Calcium aluminate (Pfaltz & Bauer, Inc., Stamford, CT) was used to prepare the fibers. X-ray diffraction analysis revealed that the powder consisted of CaAl2 O4 but also contained significant amounts of Al2 O3 and Ca12 Al14 O22. The CaAl was dry sieved through a No. 100 sieve (150-μm) to break up any clumps and remove any large particles.
The spinning dope had a ceramic-to-binder ratio of 80:20 and consisted by weight of 25% CaAl, 6% PAN-A, and 69% DMSO. Fibers were extruded from a hypodermic syringe and needle, as were the TCP fibers. Needle sizes 15 G through 25 G were used to form fibers. The 27 G needle proved to be too fine for the CaAl dope. The fibers were coagulated in a tap-water bath at ambient temperatures. The coagulated fibers were quite rigid and easier to handle than the TCP fibers at this stage. CaAl fibers were also prepared by the pilot-scale equipment used for the β-TCP fiber production. A 70:30 by wt blend of CaAl and Barex 210 in a suspension in N,N-dimethylacetamide was extruded at a rate of 1.75 cm3 /min into tap water at 70° F. The first and second godets were operating at a speed of 94 ft/min and the third godet at a speed of 96 ft/min. The temperatures were 110°, 115°, and 115° F. for the three godets respectively. The fibers were dried at ambient conditions overnight. Oxidative pretreatment was performed in a circulating-air oven at 200° C. for 30 minutes. Prior to oxidation the fibers were white. After oxidation the fibers turned brown. The fibers were then placed in an oven under a nitrogen purge, heated at 1200° C., held for 1 hour, and allowed to cool overnight. When the fibers were removed from the oven, they were found to be extremely fragile.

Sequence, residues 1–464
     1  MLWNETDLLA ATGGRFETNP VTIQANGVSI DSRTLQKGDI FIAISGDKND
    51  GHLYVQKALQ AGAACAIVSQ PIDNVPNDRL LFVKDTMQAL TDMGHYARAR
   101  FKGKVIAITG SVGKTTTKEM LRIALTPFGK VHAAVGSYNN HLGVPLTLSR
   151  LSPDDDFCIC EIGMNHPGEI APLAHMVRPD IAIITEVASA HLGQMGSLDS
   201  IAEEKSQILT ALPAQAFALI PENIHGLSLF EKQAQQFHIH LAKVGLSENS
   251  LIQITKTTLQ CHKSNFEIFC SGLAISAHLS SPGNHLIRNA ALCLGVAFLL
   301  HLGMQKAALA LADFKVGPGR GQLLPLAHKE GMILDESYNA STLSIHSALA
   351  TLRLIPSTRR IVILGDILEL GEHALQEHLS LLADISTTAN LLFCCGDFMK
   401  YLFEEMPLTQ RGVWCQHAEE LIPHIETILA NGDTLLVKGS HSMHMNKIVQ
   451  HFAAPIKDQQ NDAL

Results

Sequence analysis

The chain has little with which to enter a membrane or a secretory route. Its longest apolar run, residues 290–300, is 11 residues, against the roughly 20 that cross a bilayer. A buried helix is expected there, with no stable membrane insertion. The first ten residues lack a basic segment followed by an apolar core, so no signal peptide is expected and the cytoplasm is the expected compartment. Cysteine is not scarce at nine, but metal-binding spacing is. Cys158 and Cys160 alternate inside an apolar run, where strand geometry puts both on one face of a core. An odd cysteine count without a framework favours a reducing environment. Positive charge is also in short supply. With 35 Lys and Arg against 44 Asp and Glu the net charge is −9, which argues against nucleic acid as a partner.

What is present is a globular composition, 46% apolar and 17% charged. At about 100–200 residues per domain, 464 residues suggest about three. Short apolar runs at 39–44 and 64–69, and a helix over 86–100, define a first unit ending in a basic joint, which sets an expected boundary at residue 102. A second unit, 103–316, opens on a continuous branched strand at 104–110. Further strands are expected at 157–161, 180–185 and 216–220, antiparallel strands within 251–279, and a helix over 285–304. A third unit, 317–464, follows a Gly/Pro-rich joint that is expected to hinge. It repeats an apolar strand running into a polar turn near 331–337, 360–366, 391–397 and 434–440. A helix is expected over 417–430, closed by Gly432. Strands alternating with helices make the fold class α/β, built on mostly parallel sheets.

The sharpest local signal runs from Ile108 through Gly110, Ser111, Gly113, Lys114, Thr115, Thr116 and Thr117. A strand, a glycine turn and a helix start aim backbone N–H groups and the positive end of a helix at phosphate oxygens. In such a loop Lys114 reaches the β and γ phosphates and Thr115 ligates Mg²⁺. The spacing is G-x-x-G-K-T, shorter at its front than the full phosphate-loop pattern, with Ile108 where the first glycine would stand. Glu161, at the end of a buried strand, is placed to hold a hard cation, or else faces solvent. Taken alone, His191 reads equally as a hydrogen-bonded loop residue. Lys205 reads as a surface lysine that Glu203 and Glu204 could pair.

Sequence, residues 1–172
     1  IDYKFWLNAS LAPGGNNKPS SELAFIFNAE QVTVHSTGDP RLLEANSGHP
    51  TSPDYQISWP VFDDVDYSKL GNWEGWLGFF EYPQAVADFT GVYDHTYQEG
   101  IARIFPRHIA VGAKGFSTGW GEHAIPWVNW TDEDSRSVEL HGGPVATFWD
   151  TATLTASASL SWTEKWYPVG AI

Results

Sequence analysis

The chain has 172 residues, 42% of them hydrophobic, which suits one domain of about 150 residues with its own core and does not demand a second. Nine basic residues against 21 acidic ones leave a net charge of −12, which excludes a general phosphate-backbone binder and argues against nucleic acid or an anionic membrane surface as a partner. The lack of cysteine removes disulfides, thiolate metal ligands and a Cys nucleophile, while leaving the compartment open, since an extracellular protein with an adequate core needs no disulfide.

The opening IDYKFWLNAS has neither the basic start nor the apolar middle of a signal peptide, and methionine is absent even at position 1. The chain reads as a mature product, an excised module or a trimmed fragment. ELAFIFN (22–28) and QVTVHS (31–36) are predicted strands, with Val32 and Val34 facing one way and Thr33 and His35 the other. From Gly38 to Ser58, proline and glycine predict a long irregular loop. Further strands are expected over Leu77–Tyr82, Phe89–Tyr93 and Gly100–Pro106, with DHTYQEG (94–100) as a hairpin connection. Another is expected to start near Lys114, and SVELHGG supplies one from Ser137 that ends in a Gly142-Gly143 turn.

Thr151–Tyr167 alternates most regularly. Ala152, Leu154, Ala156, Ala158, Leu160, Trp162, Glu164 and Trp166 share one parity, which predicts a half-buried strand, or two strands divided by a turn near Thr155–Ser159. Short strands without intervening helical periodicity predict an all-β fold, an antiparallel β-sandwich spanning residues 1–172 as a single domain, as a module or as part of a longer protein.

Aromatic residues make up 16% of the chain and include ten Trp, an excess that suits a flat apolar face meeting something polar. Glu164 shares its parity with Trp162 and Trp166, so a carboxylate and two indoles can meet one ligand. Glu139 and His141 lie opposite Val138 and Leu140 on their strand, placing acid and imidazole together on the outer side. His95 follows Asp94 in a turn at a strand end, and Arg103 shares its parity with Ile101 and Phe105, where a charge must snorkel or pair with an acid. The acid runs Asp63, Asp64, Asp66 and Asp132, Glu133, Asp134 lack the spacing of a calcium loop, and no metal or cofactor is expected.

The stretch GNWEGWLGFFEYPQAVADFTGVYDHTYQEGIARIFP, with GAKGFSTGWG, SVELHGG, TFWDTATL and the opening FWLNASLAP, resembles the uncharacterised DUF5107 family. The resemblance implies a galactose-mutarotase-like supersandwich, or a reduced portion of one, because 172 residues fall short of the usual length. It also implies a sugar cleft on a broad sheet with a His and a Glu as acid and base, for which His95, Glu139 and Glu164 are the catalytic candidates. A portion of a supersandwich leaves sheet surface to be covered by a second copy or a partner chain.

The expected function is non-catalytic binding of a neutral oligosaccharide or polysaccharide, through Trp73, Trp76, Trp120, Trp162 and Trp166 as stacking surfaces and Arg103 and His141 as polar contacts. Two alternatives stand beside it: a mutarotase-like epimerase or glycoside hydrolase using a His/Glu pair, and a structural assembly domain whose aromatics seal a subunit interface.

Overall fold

Although sintering of ceramic particles produces bioabsorbable ceramic fibers, the voids still present in the fibers cause them to be somewhat fragile and weak. A void-free ceramic fiber produced by melting and extrusion of a bioabsorbable glass gives a stronger and more durable fiber for use in polymer reinforcement. Glasses are converted to fibers by drawing fibers from hot melts. The high surface tension and slow rate of change of viscosity with temperature of melted glass permits formation of stable meniscuses and enables fibers to be formed and drawn from a suitable crucible after the natural flow of molten glass downward by gravity. Both marble melt and direct melt processes are used to produce glass fibers.
1. Bioglass fibers
Bioglass is a partially biodegradable glass composed of 45% silicon dioxide, and various metallic oxides (sodium oxide, calcium oxide and phosphorous pentoxide). Only the silicon dioxide portion of the glass is non-absorbable.
Fibers were prepared from the Bioglass by heating the material in a crucible until it became molten (900° C.) and withdrawing filaments with a stainless steel rod. Fibers were produced by this procedure, but there was considerable variation in both fiber diameter from sample to sample and uniformity of diameter throughout the length of a given sample. Samples of the glass fibers were mounted and tested in the same manner as the ceramic fibers. Breaking strength of the glass fibers varied from 9000 to 50,000 psi. This variation was to be expected in view of the lack of uniformity from one sample to the next. However, the formation of fibers with high tensile strengths was evident.